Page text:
Ending access to mug shots not the answer
One of the best-read parts of the paper is the police log. People are interested in whether crime is happening near where they live or work. People, also, are frankly curious about whether they know anyone who has been arrested.
In recent years, with the advent of the web, businesses have begun to capitalize on that interest, posting batches of mug shots of people who have been arrested, and then charging those arrested who want it scrubbed from the site. The practice is mercenary.
In the age of Google, being arrested creates vastly greater complications than people faced 20 years ago. It is almost impossible to have your name disassociated from an arrest, even if you were innocent, and charges were dropped.
Take, for instance, Lewis James Little, who called police to report a body in the middle of the road. Durham police arrived and ended up arresting and charging Little, who was a college student, in connection with a nearby break-in. Because he tried to be a Good Samaritan, Little sat in jail for a month for a crime in which he had absolutely no role. Little told WRAL in February that he is embarrassed that anyone who plugs his name into a search engine will see his mug shot and articles about his arrest. “I feel ashamed about it, because I don’t want to be known like that,” he told the news outlet. “It’s up there, and there’s no taking it back.”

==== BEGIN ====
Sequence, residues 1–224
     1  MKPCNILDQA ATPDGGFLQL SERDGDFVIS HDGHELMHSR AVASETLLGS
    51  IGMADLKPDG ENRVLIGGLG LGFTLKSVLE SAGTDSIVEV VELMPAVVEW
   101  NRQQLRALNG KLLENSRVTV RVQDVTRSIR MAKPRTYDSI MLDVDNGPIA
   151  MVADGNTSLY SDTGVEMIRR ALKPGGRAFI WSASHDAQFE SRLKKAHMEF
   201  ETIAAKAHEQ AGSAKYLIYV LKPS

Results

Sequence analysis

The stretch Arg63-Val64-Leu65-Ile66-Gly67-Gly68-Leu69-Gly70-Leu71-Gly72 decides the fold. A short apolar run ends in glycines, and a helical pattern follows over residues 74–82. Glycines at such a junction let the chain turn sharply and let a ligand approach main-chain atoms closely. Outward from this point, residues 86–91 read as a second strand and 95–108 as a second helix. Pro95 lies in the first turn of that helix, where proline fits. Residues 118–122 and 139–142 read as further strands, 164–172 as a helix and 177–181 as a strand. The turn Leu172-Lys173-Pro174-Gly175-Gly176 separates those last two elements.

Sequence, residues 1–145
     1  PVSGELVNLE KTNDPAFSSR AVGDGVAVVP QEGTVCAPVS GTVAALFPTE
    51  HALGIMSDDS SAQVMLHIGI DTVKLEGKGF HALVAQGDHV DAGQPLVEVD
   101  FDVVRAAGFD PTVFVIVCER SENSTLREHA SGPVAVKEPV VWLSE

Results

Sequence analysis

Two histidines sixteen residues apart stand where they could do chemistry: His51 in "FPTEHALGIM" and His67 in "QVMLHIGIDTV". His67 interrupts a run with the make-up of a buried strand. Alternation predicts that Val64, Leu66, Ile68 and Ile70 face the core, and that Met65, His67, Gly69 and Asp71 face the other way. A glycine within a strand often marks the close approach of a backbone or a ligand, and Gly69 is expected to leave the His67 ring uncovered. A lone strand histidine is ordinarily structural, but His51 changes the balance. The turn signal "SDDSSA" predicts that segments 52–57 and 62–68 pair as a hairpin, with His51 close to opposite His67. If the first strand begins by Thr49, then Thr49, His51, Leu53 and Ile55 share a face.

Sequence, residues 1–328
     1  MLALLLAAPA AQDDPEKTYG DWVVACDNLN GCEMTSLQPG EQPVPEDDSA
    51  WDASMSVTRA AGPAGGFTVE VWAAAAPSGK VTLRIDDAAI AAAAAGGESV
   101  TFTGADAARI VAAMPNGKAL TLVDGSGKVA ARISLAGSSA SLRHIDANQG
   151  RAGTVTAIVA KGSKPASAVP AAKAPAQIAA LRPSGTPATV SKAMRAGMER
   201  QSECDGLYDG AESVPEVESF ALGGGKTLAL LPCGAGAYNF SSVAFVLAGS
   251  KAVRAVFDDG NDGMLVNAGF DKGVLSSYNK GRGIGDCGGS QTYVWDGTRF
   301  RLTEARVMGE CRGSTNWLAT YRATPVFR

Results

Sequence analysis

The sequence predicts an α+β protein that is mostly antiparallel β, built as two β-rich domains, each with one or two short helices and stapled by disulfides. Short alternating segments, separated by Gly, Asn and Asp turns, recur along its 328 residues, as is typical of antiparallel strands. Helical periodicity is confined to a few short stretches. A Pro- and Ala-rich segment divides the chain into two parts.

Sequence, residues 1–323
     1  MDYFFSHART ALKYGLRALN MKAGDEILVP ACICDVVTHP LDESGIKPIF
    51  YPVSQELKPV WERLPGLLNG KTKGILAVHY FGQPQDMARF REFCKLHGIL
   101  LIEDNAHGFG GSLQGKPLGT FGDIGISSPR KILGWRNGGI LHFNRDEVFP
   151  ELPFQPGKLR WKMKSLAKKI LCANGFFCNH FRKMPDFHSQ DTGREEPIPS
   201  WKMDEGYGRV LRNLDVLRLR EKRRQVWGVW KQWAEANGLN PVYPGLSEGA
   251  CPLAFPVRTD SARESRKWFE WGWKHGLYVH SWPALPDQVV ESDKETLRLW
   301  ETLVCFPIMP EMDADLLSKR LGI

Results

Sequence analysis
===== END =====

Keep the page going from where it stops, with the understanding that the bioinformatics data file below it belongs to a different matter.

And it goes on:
We are sympathetic to people in Little’s situation, but don’t see how making arrest mug shots confidential will resolve the issue, as the General Assembly is trying to do through a provision in Senate Bill 493, also known as the 2014 Regulatory Reform Act. The provision would create restrictions on how photos of people who have been charged but not yet convicted, can be used.
There are exceptions in the measure that would allow for disclosure. If the person is charged with a felony, convicted or if law enforcement officials believe releasing a photo will help keep the public safe, they may release it.
Making arrest mug shots confidential puts us on a slippery slope. Will concealing names of those arrested by next? Could suspects ask to have their mug shots released in cases where they accuse law enforcement of brutality? Conversely, could law enforcement officials release mug shots to help refute claims of brutality?
Limiting public access is not the solution.
We do hope the legislature will take another look, though, at a provision in an earlier budget bill that has been dropped. It would have restricted companies from asking for payment to have people’s mug shots removed from their websites. That seems much higher ground to stand on than cutting off access to mug shots altogether.